Constant features are variables that show zero variability, or, in other words, have the same value in all rows. A key step towards training a machine learning model is to identify and remove constant features.

Features with no or low variability rarely constitute useful predictors. Hence, removing them right at the beginning of the data science project is a good way of simplifying your dataset and subsequent data preprocessing pipelines.

Filter methods are selection algorithms that select or remove features based solely on their characteristics. In this light, removing constant features could be considered part of the filter group of selection algorithms.

In Python, we can find constant features by using pandas std or unique methods, and then remove them with drop.

With Scikit-learn, we can find and remove constant variables with VarianceThreshold to quickly reduce the number of features. VarianceThreshold is part of sklearn.feature_selection’s API.

VarianceThreshold, however, would only work with numerical variables. Hence, we could only evaluate categorical variables after encoding them, which requires a prior step of data preprocessing just to remove redundant variables.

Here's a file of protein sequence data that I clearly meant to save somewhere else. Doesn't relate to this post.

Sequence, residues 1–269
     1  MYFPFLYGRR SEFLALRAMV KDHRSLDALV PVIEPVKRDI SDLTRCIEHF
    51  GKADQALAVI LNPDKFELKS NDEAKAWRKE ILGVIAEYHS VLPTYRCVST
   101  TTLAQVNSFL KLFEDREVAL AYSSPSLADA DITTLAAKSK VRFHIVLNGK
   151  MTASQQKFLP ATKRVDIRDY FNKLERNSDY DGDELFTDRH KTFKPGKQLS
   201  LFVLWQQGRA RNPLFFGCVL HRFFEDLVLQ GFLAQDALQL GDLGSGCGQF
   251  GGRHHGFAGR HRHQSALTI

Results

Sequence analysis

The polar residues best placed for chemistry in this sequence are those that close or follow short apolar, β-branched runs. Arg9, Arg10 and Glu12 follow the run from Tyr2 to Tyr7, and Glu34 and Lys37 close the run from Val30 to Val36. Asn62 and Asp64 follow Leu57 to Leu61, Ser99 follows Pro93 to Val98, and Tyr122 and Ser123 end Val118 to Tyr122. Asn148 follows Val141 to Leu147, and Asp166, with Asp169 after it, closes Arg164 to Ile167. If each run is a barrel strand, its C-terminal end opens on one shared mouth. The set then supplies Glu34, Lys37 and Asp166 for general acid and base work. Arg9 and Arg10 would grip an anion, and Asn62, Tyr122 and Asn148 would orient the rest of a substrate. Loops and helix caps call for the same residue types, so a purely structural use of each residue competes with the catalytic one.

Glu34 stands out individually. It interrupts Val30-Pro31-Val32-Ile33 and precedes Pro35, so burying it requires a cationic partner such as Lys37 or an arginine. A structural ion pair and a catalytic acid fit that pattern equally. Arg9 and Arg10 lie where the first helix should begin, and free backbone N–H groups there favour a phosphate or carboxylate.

Feature-engine introduces DropConstantFeatures() to find and remove constant and quasi-constant features from a dataframe. DropConstantFeatures() works with numerical, categorical, or datetime variables. It is therefore more versatile than Scikit-learn’s transformer because it allows us to drop all duplicate variables without the need for prior data transformations.

By default, DropConstantFeatures() drops constant variables. We also have the option to drop quasi-constant features, which are those that show mostly constant values and some other values in a very small percentage of rows.

Because DropConstantFeatures() works with numerical and categorical variables alike, it offers a straightforward way of reducing the feature subset.

Be mindful, though, that depending on the context, quasi-constant variables could be useful.


Let’s see how to use DropConstantFeatures() by using the Titanic dataset. This dataset does not contain constant or quasi-constant variables, so for the sake of the demonstration, we will consider quasi-constant those features that show the same value in more than 70% of the rows.

We first load the data and separate it into a training set and a test set:

from sklearn.model_selection import train_test_split
from feature_engine.datasets import load_titanic
from feature_engine.selection import DropConstantFeatures

X, y = load_titanic(

X_train, X_test, y_train, y_test = train_test_split(
    X, y, test_size=0.3, random_state=0,

Now, we set up the DropConstantFeatures() to remove features that show the same value in more than 70% of the observations. We do this through the parameter tol. The default value for this parameter is zero, in which case it will remove constant features.

# set up the transformer
transformer = DropConstantFeatures(tol=0.7)

With fit() the transformer finds the variables to drop:

# fit the transformer